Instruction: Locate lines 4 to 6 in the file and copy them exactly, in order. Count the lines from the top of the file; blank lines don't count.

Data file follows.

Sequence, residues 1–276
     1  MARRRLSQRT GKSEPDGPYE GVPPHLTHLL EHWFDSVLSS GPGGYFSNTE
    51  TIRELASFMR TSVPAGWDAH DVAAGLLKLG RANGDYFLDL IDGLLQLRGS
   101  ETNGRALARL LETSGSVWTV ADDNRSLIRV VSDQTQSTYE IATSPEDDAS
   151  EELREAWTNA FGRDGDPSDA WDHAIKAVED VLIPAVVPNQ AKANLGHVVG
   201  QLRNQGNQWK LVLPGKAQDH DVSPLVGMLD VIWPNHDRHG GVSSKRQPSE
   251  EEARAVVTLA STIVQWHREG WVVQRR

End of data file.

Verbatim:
   101  ETNGRALARL LETSGSVWTV ADDNRSLIRV VSDQTQSTYE IATSPEDDAS
   151  EELREAWTNA FGRDGDPSDA WDHAIKAVED VLIPAVVPNQ AKANLGHVVG
   201  QLRNQGNQWK LVLPGKAQDH DVSPLVGMLD VIWPNHDRHG GVSSKRQPSE